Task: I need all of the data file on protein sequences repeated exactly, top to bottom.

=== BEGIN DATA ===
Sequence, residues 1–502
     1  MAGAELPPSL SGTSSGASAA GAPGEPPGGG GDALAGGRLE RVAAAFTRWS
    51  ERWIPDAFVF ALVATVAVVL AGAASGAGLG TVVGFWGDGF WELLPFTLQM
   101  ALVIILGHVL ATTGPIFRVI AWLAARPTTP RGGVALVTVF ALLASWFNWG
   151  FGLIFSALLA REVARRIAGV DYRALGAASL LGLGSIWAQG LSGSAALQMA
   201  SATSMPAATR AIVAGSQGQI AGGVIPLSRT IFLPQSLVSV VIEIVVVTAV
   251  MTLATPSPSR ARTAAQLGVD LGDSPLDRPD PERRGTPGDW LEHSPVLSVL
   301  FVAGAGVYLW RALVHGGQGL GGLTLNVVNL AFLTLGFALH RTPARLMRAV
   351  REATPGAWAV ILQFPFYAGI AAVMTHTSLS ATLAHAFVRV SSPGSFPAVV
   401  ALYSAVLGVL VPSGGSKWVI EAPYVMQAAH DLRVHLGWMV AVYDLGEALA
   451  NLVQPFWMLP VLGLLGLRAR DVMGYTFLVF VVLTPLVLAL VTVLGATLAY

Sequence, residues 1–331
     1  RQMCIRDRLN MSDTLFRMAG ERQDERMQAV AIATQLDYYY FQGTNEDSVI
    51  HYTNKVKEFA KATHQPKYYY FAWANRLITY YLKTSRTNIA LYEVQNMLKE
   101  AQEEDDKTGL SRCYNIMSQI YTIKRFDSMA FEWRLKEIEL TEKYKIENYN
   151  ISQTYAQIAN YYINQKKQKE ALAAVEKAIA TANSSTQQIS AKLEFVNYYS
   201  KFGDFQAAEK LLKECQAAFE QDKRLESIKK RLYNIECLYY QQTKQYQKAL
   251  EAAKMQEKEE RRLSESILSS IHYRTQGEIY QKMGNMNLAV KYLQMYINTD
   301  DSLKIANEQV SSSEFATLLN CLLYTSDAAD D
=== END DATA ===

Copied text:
Sequence, residues 1–502
     1  MAGAELPPSL SGTSSGASAA GAPGEPPGGG GDALAGGRLE RVAAAFTRWS
    51  ERWIPDAFVF ALVATVAVVL AGAASGAGLG TVVGFWGDGF WELLPFTLQM
   101  ALVIILGHVL ATTGPIFRVI AWLAARPTTP RGGVALVTVF ALLASWFNWG
   151  FGLIFSALLA REVARRIAGV DYRALGAASL LGLGSIWAQG LSGSAALQMA
   201  SATSMPAATR AIVAGSQGQI AGGVIPLSRT IFLPQSLVSV VIEIVVVTAV
   251  MTLATPSPSR ARTAAQLGVD LGDSPLDRPD PERRGTPGDW LEHSPVLSVL
   301  FVAGAGVYLW RALVHGGQGL GGLTLNVVNL AFLTLGFALH RTPARLMRAV
   351  REATPGAWAV ILQFPFYAGI AAVMTHTSLS ATLAHAFVRV SSPGSFPAVV
   401  ALYSAVLGVL VPSGGSKWVI EAPYVMQAAH DLRVHLGWMV AVYDLGEALA
   451  NLVQPFWMLP VLGLLGLRAR DVMGYTFLVF VVLTPLVLAL VTVLGATLAY

Sequence, residues 1–331
     1  RQMCIRDRLN MSDTLFRMAG ERQDERMQAV AIATQLDYYY FQGTNEDSVI
    51  HYTNKVKEFA KATHQPKYYY FAWANRLITY YLKTSRTNIA LYEVQNMLKE
   101  AQEEDDKTGL SRCYNIMSQI YTIKRFDSMA FEWRLKEIEL TEKYKIENYN
   151  ISQTYAQIAN YYINQKKQKE ALAAVEKAIA TANSSTQQIS AKLEFVNYYS
   201  KFGDFQAAEK LLKECQAAFE QDKRLESIKK RLYNIECLYY QQTKQYQKAL
   251  EAAKMQEKEE RRLSESILSS IHYRTQGEIY QKMGNMNLAV KYLQMYINTD
   301  DSLKIANEQV SSSEFATLLN CLLYTSDAAD D